As boring as cliches are, they tend to stick around because truth lies within. For example, the leadership cliche: "No one cares how much you know, until they know how much you care". It's boring, but it's true.
What better time than ValentinesDay to remember the necessity of love, not just in our romantic and family relationships, but also in our working relationships. The best practical definition of love I have ever come across is this: If you love someone, ask yourself everyday "What can I do to make this person's life better".
When people know that you love them (platonically or romantically), it changes everything. Working relationships are full of freedom and ease because they are full of grace and forgiveness. My heart and mind are open to feedback from someone who I know has a vested interest in my wellbeing in a way they are not when I don't think they really care.
But the key lies in the question "What can I DO...". People aren't mind readers. It is not enough to feel love for them. They need to see it in your actions. Through my career in sport, I have observed some of the top commercial directors in Great Britain. The best leaders have been the best lovers....in the sense that their employees knew they were cared for as people.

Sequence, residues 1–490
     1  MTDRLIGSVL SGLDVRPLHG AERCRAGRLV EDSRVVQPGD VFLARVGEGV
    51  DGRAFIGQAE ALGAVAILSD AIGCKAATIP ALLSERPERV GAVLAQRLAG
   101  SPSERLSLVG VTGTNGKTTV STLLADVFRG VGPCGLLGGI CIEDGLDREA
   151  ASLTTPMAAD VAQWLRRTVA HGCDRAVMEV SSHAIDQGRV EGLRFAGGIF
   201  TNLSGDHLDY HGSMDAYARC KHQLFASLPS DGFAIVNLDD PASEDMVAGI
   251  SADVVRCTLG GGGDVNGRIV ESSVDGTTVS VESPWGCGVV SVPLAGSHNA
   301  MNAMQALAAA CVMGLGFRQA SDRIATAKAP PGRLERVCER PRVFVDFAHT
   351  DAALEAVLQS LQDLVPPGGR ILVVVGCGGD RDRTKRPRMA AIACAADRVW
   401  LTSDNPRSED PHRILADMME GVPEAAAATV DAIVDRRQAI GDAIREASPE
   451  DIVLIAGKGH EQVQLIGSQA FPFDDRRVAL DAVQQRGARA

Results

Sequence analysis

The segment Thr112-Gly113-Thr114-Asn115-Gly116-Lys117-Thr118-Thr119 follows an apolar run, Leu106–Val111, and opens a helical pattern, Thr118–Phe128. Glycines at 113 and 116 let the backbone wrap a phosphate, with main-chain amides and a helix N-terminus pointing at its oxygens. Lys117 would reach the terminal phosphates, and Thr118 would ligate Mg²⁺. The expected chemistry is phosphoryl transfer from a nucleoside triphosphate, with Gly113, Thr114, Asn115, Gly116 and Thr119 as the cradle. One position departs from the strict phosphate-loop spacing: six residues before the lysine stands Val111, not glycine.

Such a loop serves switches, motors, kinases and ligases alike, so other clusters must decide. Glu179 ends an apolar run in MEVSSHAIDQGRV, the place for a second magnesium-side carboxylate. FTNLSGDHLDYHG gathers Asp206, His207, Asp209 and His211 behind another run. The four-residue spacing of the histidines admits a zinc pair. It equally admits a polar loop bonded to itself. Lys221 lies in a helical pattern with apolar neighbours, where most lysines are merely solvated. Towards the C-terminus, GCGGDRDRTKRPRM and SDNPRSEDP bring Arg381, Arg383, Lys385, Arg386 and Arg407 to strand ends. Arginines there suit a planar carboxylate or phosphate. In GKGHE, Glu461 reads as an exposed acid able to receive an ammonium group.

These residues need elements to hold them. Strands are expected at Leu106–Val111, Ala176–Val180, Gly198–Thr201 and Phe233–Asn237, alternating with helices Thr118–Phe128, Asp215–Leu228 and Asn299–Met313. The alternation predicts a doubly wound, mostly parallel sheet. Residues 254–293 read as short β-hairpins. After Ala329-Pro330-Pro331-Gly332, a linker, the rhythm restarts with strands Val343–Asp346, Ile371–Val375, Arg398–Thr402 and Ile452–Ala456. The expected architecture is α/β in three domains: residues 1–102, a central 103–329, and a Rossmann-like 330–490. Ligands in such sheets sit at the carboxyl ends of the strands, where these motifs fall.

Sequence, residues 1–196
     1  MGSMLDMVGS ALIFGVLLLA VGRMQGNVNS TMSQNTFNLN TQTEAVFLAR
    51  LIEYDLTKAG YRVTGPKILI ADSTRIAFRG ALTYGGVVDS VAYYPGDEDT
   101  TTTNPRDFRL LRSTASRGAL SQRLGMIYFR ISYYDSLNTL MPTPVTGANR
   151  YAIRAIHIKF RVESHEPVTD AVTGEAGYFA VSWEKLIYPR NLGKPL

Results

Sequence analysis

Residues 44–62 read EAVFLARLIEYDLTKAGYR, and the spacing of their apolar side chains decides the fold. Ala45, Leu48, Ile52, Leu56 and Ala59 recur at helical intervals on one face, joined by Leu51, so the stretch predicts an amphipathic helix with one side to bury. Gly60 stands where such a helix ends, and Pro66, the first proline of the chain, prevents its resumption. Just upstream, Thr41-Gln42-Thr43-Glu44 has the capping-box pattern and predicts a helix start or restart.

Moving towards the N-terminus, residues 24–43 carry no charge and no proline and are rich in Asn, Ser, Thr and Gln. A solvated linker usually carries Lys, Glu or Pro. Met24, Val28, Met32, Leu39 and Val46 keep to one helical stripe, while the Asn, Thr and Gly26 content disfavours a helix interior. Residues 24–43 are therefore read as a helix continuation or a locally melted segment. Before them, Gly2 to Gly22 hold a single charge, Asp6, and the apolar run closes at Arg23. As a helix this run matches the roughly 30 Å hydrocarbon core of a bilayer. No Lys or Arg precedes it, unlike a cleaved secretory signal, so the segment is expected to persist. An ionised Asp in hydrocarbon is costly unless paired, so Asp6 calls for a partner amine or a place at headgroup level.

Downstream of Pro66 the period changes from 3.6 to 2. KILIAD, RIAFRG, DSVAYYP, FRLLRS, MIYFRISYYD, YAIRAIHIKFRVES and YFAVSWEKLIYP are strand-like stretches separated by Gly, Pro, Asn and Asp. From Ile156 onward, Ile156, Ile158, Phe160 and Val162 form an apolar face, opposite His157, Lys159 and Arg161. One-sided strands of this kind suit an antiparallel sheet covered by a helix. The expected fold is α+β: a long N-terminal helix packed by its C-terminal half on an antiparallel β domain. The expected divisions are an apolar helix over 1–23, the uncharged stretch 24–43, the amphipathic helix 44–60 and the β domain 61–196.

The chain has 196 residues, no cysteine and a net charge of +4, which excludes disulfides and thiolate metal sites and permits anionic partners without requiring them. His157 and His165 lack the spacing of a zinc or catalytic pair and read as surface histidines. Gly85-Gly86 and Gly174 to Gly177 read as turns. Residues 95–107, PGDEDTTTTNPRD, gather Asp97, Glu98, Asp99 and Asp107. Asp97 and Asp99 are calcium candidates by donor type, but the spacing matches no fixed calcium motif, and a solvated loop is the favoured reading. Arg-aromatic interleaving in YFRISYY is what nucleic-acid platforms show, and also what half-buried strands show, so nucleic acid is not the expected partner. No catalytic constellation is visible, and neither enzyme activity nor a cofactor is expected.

The photo below is a picture of me and my wheelchair racing husband Brent Lakatos. One of the benefits of being a sports broadcaster is that I get to double up as a trackside cheerleader! The pic was taken just after the 200m final at the London 2017 World Para Athletics Championships, where Brent took the gold by the width of a hair. When the racers crossed the line, no one knew who won, but I was bursting with pride because Brent gave the race and the audience everything he had. I always do my best to physically be there for Brent's moments. It is a practical and tangible way to show him I love him. We have now been married for 10+ years. We don't always get this love thing right, but we have our moments! And we are committed to keep trying!